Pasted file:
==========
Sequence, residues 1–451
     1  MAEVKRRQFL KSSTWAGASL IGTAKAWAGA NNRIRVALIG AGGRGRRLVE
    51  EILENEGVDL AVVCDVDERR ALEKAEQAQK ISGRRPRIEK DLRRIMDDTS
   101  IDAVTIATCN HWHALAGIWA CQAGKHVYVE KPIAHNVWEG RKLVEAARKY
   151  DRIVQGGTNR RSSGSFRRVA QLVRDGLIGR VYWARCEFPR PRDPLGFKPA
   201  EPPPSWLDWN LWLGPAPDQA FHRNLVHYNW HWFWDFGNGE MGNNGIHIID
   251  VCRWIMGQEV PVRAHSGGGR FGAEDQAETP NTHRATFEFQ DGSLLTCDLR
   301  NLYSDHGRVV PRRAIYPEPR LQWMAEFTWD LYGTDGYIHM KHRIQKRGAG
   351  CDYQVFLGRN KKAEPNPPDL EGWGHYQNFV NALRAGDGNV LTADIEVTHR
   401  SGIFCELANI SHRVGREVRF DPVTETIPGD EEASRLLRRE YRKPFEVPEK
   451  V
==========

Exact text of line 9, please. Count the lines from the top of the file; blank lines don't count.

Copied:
   351  CDYQVFLGRN KKAEPNPPDL EGWGHYQNFV NALRAGDGNV LTADIEVTHR